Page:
Abuse Survivor Defines Her Own Destiny

Ashoka Fellow Is a Changemaker in the Home

One of my favorite leadership axioms from the campaign trail is this: define thyself lest you be defined. It is a key principle that drives the success of advocates and entrepreneurs alike. Last week, I met someone who is, in fact, both an advocate and an entrepreneur. Put more elegantly, she is a social entrepreneur.

Her name is Ana Bella Estevez and she is helping women keep from being defined into a life of despair. Ana Bella has a fascinating story about how she is working in her home country of Spain, to lift abused women by helping them regain their self-confidence so they can begin the process of separation from their abusers. Ana Bella refers to herself and others like her as "survivors" instead of victims, and she has built an organization that she says is "enabling abused women to empower themselves."

Her own personal story is compelling and courageous. Ana Bella explains that she left her marriage and took her small children along with her to escape abuse. What she quickly discovered was that there was little support for women in her situation. In fact, she says forty percent of women return to the home of the abuser because existing support does little to help women truly find their way back into society. It is hard to find work because of the stigma attached to being a "victim." Thus, finding housing and meeting other basic needs on a lasting basis is difficult to achieve.

Ana Bella's story of entrepreneurship is equally fascinating. She built on her own difficult experience by creating a network of survivors that is growing by more than 1,000 women each year. Her first client, so to speak, was an abused woman from Portugal living in Spain, who Ana Bella put up in her own home because she had no housing to offer the displaced immigrant. When Ana Bella got her first grant and formed her own organization, the Ana Bella Foundation, the Portugalian became her first employee.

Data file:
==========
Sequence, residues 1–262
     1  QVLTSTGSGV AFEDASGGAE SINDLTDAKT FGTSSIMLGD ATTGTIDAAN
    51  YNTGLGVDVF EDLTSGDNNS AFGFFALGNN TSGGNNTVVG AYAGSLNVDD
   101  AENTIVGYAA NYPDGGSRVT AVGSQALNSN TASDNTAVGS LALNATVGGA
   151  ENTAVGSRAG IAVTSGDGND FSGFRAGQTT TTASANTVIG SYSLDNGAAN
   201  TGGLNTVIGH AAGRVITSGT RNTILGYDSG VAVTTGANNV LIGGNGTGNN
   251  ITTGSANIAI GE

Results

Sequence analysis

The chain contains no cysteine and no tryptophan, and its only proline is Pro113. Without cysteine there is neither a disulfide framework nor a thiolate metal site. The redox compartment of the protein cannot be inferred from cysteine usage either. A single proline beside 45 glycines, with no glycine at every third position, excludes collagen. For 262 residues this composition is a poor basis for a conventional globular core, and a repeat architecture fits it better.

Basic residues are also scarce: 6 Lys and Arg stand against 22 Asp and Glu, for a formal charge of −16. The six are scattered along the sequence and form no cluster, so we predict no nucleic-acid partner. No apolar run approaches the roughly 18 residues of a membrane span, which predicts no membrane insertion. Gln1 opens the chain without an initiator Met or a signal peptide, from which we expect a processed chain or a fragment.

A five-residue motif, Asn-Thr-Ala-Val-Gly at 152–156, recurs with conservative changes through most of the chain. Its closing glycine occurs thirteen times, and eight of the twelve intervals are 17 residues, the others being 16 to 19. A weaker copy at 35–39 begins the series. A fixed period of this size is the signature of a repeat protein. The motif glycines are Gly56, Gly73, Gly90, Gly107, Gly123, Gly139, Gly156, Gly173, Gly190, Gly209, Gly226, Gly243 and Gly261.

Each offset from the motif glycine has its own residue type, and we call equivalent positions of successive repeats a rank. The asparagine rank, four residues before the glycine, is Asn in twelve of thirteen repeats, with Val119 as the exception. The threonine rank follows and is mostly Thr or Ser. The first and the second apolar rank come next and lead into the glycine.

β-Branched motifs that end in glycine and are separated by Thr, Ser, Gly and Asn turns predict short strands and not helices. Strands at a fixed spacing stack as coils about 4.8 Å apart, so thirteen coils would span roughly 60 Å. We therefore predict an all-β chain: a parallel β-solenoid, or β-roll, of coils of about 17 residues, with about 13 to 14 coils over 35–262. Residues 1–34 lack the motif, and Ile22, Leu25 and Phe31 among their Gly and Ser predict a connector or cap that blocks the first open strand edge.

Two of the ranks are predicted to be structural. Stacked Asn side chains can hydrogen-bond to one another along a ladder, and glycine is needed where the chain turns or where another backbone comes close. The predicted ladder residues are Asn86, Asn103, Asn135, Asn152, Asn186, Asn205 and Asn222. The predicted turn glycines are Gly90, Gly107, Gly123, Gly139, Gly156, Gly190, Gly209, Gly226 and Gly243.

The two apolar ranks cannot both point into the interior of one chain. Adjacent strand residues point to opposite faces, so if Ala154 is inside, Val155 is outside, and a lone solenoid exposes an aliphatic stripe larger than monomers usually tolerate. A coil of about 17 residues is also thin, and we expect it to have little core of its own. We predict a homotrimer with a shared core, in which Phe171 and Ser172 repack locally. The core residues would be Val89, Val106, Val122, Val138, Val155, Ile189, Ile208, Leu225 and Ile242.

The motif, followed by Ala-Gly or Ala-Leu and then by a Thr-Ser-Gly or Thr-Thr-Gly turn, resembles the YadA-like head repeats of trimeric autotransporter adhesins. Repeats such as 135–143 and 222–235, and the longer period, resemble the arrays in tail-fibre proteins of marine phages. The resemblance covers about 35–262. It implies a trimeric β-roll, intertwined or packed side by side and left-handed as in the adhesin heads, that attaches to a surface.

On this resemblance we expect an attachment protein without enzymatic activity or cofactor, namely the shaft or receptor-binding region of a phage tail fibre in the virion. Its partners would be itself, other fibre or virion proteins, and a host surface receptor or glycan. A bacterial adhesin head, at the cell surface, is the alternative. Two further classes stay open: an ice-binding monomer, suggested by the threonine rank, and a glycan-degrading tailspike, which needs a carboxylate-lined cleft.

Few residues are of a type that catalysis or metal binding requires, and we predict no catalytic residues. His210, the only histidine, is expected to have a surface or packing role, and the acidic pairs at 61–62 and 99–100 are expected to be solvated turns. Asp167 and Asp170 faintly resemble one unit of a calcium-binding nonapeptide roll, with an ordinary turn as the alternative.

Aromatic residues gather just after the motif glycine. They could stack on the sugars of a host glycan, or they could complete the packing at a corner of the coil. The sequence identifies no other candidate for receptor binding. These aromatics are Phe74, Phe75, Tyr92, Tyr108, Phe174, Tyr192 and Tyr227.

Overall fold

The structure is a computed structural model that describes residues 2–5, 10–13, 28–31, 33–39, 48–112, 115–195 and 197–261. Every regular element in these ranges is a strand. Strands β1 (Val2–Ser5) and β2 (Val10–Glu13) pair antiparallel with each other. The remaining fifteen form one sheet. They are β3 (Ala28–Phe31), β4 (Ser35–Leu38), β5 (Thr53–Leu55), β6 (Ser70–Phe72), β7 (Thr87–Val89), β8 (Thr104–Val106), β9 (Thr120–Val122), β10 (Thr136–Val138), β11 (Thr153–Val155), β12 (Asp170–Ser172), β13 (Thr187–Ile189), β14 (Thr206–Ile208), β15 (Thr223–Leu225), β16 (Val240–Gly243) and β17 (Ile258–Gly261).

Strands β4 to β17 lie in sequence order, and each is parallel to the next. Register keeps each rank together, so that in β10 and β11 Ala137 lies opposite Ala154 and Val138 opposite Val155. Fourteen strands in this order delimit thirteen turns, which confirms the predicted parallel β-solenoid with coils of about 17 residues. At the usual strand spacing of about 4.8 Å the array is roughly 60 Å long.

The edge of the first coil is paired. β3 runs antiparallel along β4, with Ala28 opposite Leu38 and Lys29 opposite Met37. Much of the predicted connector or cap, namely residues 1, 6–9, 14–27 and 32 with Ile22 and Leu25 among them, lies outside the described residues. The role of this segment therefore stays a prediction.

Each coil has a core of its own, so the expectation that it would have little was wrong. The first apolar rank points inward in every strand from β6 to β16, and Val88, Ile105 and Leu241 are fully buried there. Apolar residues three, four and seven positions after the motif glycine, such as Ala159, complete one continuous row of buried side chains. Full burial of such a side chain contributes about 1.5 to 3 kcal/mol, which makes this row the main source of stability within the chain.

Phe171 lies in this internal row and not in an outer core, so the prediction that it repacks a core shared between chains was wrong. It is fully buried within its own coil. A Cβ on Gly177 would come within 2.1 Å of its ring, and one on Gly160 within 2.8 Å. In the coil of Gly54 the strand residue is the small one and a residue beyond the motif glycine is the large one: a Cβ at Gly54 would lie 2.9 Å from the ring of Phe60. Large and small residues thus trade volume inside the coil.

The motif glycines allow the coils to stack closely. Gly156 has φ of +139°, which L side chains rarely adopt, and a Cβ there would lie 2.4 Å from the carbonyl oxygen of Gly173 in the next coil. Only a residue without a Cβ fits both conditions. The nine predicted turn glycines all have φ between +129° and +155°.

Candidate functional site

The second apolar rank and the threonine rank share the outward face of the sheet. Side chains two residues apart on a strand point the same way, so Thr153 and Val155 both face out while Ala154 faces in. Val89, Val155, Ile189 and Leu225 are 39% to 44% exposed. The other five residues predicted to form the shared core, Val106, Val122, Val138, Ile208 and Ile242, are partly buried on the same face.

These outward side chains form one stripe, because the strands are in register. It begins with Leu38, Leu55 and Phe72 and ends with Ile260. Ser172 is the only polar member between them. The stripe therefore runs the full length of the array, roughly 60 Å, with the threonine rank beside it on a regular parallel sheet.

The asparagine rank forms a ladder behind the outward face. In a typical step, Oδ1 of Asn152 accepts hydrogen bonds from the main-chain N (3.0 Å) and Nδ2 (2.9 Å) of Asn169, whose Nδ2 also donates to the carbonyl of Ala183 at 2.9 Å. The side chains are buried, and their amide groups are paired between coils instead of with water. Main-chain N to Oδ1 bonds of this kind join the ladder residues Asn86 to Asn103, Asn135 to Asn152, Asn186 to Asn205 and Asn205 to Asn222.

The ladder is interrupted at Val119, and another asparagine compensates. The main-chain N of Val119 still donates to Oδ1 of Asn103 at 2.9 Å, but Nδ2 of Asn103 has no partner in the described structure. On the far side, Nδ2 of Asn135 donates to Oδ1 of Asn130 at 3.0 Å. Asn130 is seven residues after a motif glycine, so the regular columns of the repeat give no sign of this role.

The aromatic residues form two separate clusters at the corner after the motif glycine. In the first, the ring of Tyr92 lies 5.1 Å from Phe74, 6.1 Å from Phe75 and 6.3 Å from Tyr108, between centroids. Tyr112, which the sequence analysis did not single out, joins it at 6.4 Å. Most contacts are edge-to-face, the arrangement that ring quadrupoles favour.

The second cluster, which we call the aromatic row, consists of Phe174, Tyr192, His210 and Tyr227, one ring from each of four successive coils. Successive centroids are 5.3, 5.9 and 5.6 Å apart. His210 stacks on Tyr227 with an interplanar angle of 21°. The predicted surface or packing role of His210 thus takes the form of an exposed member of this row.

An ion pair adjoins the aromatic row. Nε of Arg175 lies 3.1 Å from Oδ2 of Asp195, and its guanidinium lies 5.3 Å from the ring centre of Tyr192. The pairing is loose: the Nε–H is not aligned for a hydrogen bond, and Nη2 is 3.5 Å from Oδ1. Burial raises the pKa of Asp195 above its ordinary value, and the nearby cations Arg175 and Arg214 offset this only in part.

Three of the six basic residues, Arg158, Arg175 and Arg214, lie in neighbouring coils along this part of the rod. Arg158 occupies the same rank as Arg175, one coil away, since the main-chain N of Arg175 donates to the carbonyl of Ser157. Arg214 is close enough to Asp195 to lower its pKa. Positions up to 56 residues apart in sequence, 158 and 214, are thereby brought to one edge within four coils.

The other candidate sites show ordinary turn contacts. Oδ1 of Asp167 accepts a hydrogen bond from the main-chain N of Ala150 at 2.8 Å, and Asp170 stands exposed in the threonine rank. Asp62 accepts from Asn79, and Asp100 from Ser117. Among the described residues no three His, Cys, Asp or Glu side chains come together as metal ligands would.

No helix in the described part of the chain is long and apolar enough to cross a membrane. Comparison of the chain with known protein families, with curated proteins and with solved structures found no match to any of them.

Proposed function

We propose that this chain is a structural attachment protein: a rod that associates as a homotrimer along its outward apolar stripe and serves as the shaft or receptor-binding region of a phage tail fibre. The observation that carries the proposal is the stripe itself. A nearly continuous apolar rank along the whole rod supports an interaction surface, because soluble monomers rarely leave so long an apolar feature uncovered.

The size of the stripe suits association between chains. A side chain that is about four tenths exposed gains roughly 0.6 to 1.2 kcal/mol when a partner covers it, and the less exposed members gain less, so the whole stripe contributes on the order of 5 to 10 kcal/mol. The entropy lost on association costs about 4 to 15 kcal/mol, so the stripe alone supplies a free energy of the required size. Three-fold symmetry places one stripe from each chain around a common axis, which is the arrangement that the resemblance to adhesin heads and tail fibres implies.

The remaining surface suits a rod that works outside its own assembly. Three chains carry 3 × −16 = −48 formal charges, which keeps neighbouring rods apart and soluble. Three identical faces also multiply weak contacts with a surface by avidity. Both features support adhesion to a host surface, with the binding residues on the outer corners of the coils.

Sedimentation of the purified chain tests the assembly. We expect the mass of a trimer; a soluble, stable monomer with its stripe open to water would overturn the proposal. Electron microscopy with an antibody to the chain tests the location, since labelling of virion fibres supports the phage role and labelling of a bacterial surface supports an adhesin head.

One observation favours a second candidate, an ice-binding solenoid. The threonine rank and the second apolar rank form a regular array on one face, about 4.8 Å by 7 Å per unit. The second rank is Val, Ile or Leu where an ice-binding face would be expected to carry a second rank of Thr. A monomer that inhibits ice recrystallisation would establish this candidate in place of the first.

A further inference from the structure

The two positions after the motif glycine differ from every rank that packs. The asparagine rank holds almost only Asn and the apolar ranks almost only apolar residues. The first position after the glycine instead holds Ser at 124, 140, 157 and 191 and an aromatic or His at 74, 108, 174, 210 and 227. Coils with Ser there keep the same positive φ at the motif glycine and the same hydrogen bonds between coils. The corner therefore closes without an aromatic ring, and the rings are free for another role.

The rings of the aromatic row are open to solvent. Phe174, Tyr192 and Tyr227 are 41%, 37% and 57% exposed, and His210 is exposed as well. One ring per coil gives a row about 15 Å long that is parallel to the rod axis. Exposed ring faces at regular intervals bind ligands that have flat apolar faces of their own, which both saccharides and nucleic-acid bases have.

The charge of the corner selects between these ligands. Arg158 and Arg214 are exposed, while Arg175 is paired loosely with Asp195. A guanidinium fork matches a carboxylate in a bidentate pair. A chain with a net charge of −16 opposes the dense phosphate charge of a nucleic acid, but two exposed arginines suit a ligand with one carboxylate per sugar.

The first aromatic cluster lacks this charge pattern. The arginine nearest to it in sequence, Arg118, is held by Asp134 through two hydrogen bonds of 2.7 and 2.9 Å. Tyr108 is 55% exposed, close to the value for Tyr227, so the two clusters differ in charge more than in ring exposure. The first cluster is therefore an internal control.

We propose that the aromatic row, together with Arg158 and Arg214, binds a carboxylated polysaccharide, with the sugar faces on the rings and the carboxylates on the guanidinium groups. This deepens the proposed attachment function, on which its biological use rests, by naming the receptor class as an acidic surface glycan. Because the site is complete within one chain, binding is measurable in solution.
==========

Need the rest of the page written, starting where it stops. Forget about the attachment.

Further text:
Since then, Ana Bella has worked out agreements with banks in her country to turn foreclosed homes into shelters for transitioning women. She has also acquired land from financial institutions and has enlisted others in her community to work together to build additional housing for survivors of domestic violence.

A key service her organization provides to other women is to help them transition from victim to survivor. This is especially important as they try to find their way into the workforce. Like Ana Bella, many have never even held jobs before. "There are certainly challenges to survivors of abuse," she says. "But we don't concede to the victim label." Ana Bella adds, "We highlight to prospective employers the qualities we survivors possess, like perseverance and our ability to rise above extreme adversity."

By defining themselves rather than allowing others to define them, the women who are part of the Ana Bella Foundation network are resisting the stereotypes that have long been foisted on abused women in Spain. This is helping them as they work to get housing, get jobs, and get back on their feet. Most importantly, as Ana Bella puts it, having overcome violence in their own personal lives, these women are using the strength they've discovered to act as change agents that are breaking the generational chain of gender violence.

And they are creating a lasting impact on society.


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